Bon Appétit runs out of tofu

Rachel Alexander

Students eating dinner in Prentiss Dining Hall last week were surprised to discover that tofu had completely disappeared from the menu. Tofu is a perennial favorite in the dining hall, praised by students for its robust texture and subtle yet delicious flavors. But according to Bon Appétit staff member Joe Vansel, the delectable protein has been a victim of its own success.

“Bon Appétit has completely run out of tofu,” said Vansel, who is the company’s vice president in charge of vegetarian protein substitutes. “Student demand for it has been so high that we’ve used up our entire reserve tofu stockpile.”

Vansel said that Bon Appétit has always experienced high demand for tofu, but that demand has risen exponentially in the past few years as more students have become vegetarian and vegan.

“There’s an increasing awareness of the problems with industrial food production,” said Vansel. “Many students feel uncomfortable eating animal products of uncertain origin, so they naturally shift comfortably to an amorphous white food-like substance that they’re told contains protein.”

For Whitman’s vegetarian community, the lack of tofu was cause for concern.

“Bon Appétit needs to do more to provide for people who choose not to eat animal products,” said junior Sarah Hemmer, president of Vegans Against Cruelty to Animals, Nutria and Terriers (VACANT).  “They cater well to some students, but the options for vegans who are gluten intolerant, only eat raw, organic foods and can’t have added sugar in their diet are really limited.”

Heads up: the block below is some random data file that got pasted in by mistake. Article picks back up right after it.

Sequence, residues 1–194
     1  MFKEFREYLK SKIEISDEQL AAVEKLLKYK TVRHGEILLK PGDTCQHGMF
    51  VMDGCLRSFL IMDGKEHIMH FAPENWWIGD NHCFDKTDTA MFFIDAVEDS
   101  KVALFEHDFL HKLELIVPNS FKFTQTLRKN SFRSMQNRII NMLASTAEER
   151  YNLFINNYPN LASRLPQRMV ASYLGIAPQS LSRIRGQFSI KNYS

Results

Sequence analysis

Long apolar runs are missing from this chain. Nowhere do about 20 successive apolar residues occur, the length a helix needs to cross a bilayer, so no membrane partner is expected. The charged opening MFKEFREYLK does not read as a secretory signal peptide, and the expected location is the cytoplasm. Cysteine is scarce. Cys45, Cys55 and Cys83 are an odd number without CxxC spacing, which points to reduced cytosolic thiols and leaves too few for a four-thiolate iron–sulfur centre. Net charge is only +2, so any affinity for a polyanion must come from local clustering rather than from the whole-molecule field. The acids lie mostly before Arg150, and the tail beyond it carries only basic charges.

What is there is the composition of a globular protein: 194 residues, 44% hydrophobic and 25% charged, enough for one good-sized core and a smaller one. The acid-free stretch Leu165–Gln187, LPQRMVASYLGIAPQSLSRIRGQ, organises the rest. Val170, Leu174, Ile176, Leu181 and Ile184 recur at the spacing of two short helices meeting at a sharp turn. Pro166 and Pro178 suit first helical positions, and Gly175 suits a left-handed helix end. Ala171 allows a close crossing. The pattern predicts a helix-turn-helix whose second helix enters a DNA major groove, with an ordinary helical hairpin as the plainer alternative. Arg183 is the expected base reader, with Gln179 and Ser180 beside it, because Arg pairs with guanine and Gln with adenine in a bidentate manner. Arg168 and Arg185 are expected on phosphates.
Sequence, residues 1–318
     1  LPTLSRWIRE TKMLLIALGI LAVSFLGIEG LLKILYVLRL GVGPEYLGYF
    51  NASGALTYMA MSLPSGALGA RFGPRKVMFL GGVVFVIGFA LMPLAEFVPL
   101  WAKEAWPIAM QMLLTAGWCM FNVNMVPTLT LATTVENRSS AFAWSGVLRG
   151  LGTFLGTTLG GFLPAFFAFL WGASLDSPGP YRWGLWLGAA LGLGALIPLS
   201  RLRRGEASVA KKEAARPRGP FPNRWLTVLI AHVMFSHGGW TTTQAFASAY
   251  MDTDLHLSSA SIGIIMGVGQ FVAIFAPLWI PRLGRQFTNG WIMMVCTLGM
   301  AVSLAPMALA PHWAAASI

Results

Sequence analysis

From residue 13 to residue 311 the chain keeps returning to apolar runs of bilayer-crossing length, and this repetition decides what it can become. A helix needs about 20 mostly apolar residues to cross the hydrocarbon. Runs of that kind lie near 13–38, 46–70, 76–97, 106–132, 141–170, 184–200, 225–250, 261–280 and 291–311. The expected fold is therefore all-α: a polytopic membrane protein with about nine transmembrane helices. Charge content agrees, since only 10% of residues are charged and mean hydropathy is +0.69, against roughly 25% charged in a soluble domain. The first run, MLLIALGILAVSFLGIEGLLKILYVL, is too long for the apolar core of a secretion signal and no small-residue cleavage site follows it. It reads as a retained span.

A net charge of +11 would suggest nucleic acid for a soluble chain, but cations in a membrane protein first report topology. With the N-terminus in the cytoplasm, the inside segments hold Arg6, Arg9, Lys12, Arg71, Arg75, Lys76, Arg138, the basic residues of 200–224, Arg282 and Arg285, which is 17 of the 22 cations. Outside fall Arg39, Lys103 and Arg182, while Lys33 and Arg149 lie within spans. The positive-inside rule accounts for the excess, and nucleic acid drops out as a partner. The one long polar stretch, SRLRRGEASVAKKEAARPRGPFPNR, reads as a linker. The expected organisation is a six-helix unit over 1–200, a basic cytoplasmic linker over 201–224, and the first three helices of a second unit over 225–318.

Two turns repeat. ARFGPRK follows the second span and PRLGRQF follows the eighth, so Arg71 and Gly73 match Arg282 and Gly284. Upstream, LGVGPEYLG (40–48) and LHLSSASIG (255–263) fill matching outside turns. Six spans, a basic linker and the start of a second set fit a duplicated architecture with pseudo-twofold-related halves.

Some Whitman students welcomed the lack of tofu. First-year Jack Dowling said that he looked forward to meals featuring something he called “real food.”

“I have nothing against tofu, unless I have to eat it,” he said.

He started to list foods Bon Appétit could replace the missing tofu with, but was attacked by a mob of VACANT members before he could finish saying “pork chops.”

Vansel said that Bon Appétit is committed to finding acceptable replacements for vegetarian protein while the company assesses their tofu consumption and looks for suppliers who are capable of handling large volume orders. One of the options being considered is RPP, also known as reformulated polymer protein.

“RPP is a great option for vegetarians, because it’s a truly sustainable product,” said Vansel. “It’s made from recycled plastics harvested from the Pacific Ocean, and it’s held together by a vegan protein substrate that binds the plastic together.”

Hemmer said that RPP would probably be an adequate substitute for tofu, but that Bon Appétit needed to carefully consider its sourcing practices for the materials.

“While I fully support plastic recycling and believe that RPP can be a sustainable food choice, we need to consider the carbon footprint caused by importing plastic from the Pacific Ocean,” she said.

VACANT has plans to work with Bon Appétit to start a campus plastic recycling program which could ultimately provide enough plastic to meet Whitman’s RPP demands. According to Hemmer, this program would allow dining hall RPP to be certified as local, which could allow it to qualify as “real food” for an audit currently being conducted by campus environmental groups.

When asked about the transition from tofu to RPP, Dowling thought for a minute and finally nodded.

“Whatever RPP is, it can’t be any worse than field roast,” he said.